by Texas Representative Terry Wilson
In my very first article to you one year ago, I talked about how, on January 10, 2017, the day I was sworn in as a State Representative, my family also celebrated the 90th birthday of my grandfather, W.E. “Bill” Howard. You all gave my family a memory we will treasure for a lifetime, and I could not be more grateful for that gift.
On January 10th of this year, my family once again gathered to celebrate W.E. Howard, as we remembered his life and honored his joyous passage to join our Lord in paradise. I would like to share with you a few of the lessons I learned from him, and how I choose to honor his memory.
My grandfather, in no uncertain terms, shaped my life. He, like many of the Greatest Generation, lived through the most difficult of circumstances. Growing up in the Great Depression, he lived a very hard life, losing his father in an oilfield explosion, becoming the Man of the house at age 12, working to support the family, scrimping and saving every cent. He learned along the way to be cheap with himself and generous with others, which he continued to do throughout his life. He showed me how having nothing teaches you to place your treasure in the place it matters most, and that is people.
During his service in the Navy in WWII, his ship was sunk by a Kamikaze, killing many of his friends and colleagues. Instead of idly waiting for reassignment, he sought relevant service and volunteered to work with a construction and repair unit in Guam and was instrumental in helping build and maintain the infrastructure there. He taught me that physical and emotional trauma are things we must deal with up front. Confront the loss, come to accept the things you cannot change, mourn their loss, and then get to changing the things you can to make the world better.
That “move on and get it done” attitude was a part of his generation. They understood that if you didn’t expect much, you wouldn’t be disappointed. When he left the Navy he didn’t expect an education or a job out of the blue, he knew that he needed to make himself into a success; so, he taught himself bookkeeping, went to night classes on his own, and made himself into an excellent accountant. He taught me that, when you do the work for its own sake, rather than for the reward, the rewards will take care of themselves.
Later on in life, when he had saved and built his fortune, he gave much to those around him, investing in people so that they could have every opportunity to make the most of their talents and work ethic. One man who attended the funeral approached the family to tell me how, many decades ago, Mr. Howard had employed his mother as a bookkeeper. My grandfather followed the young man’s progress through school, mentoring him along the way; and, when he had completed law school, showed up at his door to help him purchase everything he would need to start his own law practice. He saw in that young man that same spirit of determination and self investment that bought him through the worst situations, and made sure that spirit could grow and spread to others.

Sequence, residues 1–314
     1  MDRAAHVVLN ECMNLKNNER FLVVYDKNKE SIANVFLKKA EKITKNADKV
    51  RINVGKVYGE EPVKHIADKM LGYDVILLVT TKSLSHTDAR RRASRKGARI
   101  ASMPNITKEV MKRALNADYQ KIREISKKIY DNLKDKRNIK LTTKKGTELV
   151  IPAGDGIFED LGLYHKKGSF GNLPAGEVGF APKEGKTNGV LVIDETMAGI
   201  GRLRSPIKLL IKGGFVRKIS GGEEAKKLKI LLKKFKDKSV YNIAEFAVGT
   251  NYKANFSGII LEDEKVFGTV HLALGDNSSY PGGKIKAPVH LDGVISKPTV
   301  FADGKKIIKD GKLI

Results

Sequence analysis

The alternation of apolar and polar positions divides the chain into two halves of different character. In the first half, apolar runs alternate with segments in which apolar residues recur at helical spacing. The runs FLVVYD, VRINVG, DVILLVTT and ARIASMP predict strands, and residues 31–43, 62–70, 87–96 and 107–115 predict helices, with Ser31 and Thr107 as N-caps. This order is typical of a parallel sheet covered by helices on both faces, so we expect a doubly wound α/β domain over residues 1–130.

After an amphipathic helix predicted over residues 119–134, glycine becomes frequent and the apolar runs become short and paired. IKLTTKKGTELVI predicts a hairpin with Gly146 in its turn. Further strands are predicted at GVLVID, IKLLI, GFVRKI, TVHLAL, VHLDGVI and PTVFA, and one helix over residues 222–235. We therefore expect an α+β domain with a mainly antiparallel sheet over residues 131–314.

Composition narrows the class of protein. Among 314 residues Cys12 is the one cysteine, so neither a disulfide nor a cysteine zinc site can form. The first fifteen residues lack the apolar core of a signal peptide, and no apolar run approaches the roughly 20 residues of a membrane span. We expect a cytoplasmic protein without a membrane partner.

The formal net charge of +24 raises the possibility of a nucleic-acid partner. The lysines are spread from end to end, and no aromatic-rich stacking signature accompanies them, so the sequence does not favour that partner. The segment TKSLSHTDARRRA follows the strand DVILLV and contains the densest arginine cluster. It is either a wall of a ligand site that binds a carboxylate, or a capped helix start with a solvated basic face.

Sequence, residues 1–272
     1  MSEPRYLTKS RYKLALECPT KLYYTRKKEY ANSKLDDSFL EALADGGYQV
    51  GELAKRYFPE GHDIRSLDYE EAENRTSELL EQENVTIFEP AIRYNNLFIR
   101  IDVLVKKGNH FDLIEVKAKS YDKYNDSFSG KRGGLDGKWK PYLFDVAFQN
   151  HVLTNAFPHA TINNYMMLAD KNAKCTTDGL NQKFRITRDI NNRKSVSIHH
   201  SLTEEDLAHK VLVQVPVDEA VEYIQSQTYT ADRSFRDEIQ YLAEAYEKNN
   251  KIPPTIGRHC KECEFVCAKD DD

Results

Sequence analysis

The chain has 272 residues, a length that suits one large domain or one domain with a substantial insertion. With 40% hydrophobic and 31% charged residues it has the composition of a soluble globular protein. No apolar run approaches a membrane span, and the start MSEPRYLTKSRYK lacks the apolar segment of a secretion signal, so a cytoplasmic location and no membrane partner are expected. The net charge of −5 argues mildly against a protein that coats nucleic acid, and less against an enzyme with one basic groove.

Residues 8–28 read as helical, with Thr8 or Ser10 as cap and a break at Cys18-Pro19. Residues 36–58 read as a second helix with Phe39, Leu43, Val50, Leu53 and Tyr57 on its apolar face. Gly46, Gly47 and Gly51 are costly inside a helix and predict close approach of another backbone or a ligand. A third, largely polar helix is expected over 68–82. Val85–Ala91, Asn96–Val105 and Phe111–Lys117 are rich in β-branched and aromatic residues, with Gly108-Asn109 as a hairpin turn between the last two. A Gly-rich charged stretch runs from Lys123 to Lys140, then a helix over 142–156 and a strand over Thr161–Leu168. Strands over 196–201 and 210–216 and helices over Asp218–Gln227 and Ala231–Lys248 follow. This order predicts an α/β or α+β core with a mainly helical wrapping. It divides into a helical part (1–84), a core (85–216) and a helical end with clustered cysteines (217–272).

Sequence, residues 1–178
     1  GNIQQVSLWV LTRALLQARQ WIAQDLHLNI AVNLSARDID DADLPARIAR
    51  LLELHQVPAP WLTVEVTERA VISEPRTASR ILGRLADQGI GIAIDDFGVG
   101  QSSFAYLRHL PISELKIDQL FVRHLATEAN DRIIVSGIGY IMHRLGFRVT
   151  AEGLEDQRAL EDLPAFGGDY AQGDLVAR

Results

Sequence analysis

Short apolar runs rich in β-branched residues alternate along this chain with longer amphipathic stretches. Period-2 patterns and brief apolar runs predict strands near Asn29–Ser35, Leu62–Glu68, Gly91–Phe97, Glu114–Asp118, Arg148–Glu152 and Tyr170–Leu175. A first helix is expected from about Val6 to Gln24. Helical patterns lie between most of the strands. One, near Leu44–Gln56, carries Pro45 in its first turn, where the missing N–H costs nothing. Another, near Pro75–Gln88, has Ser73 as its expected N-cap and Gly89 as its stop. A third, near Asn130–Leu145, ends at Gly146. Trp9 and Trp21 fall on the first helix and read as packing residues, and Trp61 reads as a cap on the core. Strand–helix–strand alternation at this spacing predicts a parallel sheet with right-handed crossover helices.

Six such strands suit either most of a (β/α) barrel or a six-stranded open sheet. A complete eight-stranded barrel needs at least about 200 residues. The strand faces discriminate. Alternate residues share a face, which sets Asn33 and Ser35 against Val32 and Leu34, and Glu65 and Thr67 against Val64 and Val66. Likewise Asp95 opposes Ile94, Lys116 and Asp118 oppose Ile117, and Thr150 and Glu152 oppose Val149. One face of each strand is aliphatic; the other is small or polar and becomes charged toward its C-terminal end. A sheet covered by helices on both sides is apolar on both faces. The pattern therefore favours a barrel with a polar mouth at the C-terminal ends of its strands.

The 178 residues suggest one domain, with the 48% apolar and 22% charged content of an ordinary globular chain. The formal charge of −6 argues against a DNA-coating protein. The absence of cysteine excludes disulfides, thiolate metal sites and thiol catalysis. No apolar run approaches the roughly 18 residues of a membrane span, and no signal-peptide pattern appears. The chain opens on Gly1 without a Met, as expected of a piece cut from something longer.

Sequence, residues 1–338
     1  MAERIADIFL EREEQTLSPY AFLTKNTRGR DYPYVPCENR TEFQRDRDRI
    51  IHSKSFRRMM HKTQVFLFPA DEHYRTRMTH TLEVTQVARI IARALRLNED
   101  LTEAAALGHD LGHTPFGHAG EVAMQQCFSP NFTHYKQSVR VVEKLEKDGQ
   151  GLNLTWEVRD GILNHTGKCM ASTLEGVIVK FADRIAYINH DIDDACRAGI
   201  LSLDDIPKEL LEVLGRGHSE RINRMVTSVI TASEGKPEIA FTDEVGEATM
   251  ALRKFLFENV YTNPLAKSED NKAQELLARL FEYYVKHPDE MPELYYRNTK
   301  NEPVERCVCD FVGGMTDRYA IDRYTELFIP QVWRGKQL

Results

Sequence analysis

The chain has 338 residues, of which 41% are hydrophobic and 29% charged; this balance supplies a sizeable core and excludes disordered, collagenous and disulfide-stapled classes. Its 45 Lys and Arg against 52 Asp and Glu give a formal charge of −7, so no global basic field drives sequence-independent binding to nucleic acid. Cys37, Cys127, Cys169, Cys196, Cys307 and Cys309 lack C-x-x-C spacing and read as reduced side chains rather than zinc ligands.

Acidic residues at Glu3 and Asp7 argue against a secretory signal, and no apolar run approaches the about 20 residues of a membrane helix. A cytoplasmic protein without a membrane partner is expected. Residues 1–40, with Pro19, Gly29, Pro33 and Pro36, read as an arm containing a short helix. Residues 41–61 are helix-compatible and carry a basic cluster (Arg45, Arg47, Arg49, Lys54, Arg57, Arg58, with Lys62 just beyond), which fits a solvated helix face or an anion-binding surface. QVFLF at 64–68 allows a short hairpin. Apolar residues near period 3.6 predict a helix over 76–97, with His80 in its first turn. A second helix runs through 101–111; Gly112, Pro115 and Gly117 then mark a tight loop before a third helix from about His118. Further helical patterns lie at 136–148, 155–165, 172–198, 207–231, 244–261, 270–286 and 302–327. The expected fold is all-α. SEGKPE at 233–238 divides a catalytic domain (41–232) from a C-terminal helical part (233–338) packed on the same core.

There are so many stories just like this from across his entire life, and in every one of them he never once asked for recognition, pubic acclaim, or attention for himself. The reward he sought was the joy of seeing others flourish, of knowing that the blessings and wisdom he had been given would be passed on, and, most importantly, that those to whom he gave so much would then go out and do the same.
1 Timothy 6:17-19 described him best – “As for the rich in this present age, charge them not to be haughty, nor to set their hopes on the uncertainty of riches, but on God, who richly provides us with everything to enjoy. They are to do good, to be rich in good works, to be generous and ready to share, thus storing up treasure for themselves as a good foundation for the future, so that they may take hold of that which is truly life.”
Through his every action, my grandfather taught me leadership is a verb, not a noun. It is a thing you do, not a position you hold. If you want people to give of themselves, don’t lecture them, guilt them, or coerce them; give of yourself first, lead by being the example they will want to follow. Show them a love and a light so bright that everything else will seem but a mere shadow in its wake.
We didn’t lose W.E. Howard this year. His body may be gone, but he lives on through every act of kindness, every act of self sacrifice, and every act of love descended from the love and light that he gave the world; and that light will shine for generations to come.
My hope is that we do the same with the remaining members of the Greatest Generation. Learn their stories, their values, and their principles before they are gone from us. Those experiences and lessons came at too high a price to allow them to vanish.